Report on Market Chains for PAER

The objective of this report is to provide project PAER participants and implementing partners with an entry point for understanding the production and marketing strategies among the targeted beneficiaries, to detail programme activities and expected outputs and outcomes. There are some 700,000 women, men, and children in the Department of the North West and the commune of Anse Rouge. The majority live perilously close to the nutritional margins of survival: by international standards, 23% of their children are chronically malnourished; 10% are acutely malnourished (CNSA 2014). The irony of their situation is that they live in territory that was once part of the most productive agricultural colony on earth: French Saint Dominque. Yet, today–after 45 years and over US$100 million of production-targeted interventions from the international development agencies and the Haitian Governments — they practice the most rudimentary productive technologies (see Schwartz 2009). There is no electric grid in the region; preciously little water; roads and transport are such that that it is far easier and arguably less expensive to ship merchandise to urban Port-au-Prince from Miami–715 miles away–than from the target region– less than 100 miles away. The opportunities to raise income through market access is clear and present. But in economically intervening on the behalf of these farmers, indeed in seeking partnership with them and encouraging them to elevate their own investments in remunerative market access enterprises, it is critical that we understand how they have survived thus far.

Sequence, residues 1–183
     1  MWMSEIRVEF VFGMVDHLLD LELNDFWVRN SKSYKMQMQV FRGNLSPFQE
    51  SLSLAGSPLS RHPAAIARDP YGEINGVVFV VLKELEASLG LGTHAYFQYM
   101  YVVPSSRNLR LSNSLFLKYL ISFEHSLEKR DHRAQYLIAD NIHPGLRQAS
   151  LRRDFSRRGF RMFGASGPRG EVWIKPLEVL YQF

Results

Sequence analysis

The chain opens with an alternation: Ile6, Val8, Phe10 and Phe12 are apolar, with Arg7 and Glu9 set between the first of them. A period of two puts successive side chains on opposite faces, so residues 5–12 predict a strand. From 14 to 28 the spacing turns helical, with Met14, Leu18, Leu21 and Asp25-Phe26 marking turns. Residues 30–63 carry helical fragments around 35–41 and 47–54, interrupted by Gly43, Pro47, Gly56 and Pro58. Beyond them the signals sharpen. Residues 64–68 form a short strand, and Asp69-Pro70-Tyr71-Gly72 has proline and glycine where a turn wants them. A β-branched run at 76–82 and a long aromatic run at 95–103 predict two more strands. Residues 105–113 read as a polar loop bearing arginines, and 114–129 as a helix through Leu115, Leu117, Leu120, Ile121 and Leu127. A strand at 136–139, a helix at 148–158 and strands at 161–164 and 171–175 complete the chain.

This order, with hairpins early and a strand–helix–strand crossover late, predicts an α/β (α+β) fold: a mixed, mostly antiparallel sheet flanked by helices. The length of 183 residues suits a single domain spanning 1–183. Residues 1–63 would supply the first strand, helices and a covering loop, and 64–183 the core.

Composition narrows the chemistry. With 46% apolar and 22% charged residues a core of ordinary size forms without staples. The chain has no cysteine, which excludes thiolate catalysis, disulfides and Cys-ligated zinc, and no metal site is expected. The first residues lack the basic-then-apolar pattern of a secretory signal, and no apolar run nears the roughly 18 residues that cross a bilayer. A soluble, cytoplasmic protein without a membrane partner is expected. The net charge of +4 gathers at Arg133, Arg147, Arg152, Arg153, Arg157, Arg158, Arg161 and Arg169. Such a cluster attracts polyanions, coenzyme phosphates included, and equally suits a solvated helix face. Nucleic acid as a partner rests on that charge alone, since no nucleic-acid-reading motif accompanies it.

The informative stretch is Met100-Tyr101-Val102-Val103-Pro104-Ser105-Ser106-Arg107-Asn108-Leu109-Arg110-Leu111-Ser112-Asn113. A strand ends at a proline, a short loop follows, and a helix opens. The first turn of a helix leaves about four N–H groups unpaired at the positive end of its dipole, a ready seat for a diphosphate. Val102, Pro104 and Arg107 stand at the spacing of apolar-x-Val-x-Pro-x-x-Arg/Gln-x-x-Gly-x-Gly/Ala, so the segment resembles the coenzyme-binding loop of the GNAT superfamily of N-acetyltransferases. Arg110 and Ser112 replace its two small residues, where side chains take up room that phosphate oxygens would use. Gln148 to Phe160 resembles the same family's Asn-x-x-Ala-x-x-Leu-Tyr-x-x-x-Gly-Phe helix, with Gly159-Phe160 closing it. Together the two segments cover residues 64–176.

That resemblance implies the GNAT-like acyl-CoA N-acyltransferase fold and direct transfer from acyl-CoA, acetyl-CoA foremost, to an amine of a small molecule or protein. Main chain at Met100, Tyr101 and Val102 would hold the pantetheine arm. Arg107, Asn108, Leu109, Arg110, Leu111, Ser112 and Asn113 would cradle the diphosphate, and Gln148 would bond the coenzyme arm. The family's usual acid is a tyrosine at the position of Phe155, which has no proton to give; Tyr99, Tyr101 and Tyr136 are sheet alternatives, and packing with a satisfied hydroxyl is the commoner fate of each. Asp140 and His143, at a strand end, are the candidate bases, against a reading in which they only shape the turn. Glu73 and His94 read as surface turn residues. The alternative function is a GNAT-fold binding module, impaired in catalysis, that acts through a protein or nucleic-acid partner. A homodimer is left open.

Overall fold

What we know is that farmers in the region have deeply entrenched production and social patterns that have evolved over more than 200 years of independence, predominately in the absence of assistance from the State or outside agencies. These patterns are, as with people everywhere, adapted to the natural and economic environment. The pages that follow present an overview of these patterns with regard to subsistence and marketing strategies and the associated social relations. They give special emphasis on the IFAD and GOH recommended value chains targeted for intervention. The farmers very real and precarious struggle for survival in what is a harsh regional environment and economy makes the responsibility to understand these patterns of production that much more critical. At the very least, may the project do no harm.

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